Riely's Tendon-cy is to Excel
From Oct. 9, 1999 game program
Right tackle Dan Riely has played three positions in his three years as a member of the Catholic University football team. He has also ruptured the same two tendons in his right hand three times.
And three times he's had to have the center tendons in his palm surgically re-attached. But throughout the ordeal, Riely has continued to work hard at becoming a better player.
"He's a courageous guy," Cardinal Coach Tom Clark said. "He's got remarkable pain tolerance and he's been able to overcome that loss of mobility (in his hand) because of added strength due to his work ethic."
Riely, who came to CUA as a 195-pound defensive lineman in 1996, first injured his hand in January of 1997 when he fell on a jagged piece of glass. After surgery, a physical therapy program that had him stretching the tendons too soon caused them to completely sever again. Following that operation in March of '97, Riely tore the tendons once more when he caught his hand on a net while playing basketball. Another surgery was performed in June of that year.
Riely will never regain full use of his hand. He cannot fully extend his third and fourth fingers or make a complete fist. When he's pass blocking, he cannot open the hand in the classic pass-blocking position. Despite the hardships and painful rehabilitation, Riely said he never thought about quitting football: "This is why I've worked so hard - to get back."
And back he is. After sitting out the '97 campaign, Riely started at center last year. This season, the former high-school lacrosse player was moved to right tackle to take better advantage of his athleticism. "We believe our two best athletes (on the offensive line) need to be tackles," Clark said. "That's not to minimize our center and guards. We like them to be stronger, thicker guys. We like our tackles to be more athletic, with better feet. ... He and (left tackle) Puri (Garzone) have done extremely well."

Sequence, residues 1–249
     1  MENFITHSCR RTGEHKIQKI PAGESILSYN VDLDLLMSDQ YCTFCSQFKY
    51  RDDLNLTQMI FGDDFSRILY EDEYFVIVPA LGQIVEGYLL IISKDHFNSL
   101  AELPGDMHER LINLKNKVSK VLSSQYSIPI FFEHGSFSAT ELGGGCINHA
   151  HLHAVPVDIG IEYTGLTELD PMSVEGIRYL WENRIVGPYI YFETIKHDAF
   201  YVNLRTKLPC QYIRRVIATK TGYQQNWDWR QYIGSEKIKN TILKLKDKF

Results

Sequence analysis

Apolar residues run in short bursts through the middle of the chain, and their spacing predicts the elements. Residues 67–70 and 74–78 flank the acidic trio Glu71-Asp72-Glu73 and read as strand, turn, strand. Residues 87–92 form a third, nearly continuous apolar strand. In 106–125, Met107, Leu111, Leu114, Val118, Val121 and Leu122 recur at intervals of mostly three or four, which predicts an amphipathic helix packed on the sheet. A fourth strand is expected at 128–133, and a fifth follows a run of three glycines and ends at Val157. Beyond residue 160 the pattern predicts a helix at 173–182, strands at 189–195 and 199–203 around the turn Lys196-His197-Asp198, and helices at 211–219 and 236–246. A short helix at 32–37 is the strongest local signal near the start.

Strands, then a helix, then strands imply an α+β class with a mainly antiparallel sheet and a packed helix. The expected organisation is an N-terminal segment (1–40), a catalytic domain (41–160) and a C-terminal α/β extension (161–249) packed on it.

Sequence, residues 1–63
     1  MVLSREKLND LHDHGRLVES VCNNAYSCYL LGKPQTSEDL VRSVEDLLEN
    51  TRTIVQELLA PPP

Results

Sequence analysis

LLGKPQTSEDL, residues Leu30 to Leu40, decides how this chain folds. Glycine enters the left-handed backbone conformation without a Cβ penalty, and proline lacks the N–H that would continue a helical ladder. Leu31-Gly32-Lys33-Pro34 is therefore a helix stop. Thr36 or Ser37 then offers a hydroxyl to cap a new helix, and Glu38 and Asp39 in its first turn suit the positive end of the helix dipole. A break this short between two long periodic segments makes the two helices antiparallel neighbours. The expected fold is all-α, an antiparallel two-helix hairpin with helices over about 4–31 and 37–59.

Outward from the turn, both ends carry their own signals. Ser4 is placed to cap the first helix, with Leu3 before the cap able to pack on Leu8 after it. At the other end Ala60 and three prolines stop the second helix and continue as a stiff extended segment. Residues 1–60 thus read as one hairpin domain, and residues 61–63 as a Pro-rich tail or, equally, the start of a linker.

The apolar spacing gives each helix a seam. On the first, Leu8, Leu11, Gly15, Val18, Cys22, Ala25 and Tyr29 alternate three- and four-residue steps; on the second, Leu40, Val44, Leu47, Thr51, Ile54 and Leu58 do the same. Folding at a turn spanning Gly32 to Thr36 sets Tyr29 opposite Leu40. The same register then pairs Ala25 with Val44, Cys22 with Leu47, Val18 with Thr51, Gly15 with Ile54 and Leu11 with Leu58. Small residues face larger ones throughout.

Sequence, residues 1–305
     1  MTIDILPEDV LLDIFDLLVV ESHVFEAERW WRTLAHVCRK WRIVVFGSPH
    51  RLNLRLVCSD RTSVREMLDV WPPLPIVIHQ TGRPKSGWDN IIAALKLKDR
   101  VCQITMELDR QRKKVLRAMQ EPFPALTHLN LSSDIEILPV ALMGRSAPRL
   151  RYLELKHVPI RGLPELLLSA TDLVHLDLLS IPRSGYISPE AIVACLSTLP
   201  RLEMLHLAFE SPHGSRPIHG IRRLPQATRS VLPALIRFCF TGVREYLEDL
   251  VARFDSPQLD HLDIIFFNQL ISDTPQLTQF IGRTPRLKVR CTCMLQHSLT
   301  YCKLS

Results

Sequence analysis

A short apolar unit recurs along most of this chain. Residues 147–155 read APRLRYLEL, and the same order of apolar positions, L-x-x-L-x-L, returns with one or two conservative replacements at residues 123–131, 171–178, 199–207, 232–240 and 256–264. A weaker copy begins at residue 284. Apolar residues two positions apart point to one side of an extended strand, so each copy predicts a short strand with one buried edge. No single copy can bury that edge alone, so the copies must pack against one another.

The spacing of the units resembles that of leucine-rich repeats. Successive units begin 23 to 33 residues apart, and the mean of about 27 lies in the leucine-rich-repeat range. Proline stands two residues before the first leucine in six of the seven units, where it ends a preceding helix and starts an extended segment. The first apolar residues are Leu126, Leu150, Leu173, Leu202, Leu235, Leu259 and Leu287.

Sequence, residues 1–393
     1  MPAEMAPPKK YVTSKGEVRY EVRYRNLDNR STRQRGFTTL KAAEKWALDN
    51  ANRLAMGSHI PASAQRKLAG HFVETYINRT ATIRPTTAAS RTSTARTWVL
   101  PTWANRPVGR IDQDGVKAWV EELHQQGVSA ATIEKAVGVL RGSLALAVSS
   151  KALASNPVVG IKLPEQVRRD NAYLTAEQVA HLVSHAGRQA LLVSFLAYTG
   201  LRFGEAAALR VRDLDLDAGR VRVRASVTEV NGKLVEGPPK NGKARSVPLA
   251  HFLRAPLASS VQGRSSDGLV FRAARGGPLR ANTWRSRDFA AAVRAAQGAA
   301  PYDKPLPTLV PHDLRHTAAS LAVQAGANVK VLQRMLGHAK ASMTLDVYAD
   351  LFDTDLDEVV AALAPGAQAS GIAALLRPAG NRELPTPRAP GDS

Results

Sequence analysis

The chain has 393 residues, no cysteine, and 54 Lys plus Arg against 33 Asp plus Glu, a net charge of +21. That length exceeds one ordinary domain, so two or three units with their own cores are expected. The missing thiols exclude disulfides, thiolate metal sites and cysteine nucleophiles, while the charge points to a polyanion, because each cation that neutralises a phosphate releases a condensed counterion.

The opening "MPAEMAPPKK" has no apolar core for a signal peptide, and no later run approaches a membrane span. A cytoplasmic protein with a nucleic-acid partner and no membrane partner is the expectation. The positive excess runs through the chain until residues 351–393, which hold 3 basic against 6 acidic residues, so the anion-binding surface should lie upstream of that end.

The 6-foot-1, 250-pound Riely said center and tackle are not similar positions.
"When you're playing tackle, you're more isolated - you're out on an island," he said. "Whereas when you're playing center, you're right in the mix of things. So you're always in contact, and you're not always one-on-one with a defensive player. And (at center), you have different schemes going to the left and the right. Whereas when you're playing tackle, you're generally blocking the guy head-up on you most of the time."
Riely, who lives in Croton-on-Hudson, N.Y., has in 1999 helped provide the blocking that has sprung Andrew Notarfrancesco to 10 rushing touchdowns and given the Cards the nation's 11th highest scoring offense (41.0 ppg). Riely said he likes playing on the line.
"It's a battle," he said. "You're pretty much blocking the same guy or same couple of guys the whole game. But I like it though. It's where the hard work is done. You can tell who's got more guts (you or your opponent), especially when you're on the goal line. You see who wants it more. That's where the game's won or lost-in the trenches."
Although Riely will graduate in 2000 with his degree in finance, he plans on playing his final season next year.
Said Clark: "That was great news - a tremendous shot in the arm. ... He's developed into a great player. He's worked hard in the weight room to become one of the best Division III offensive linemen in the nation."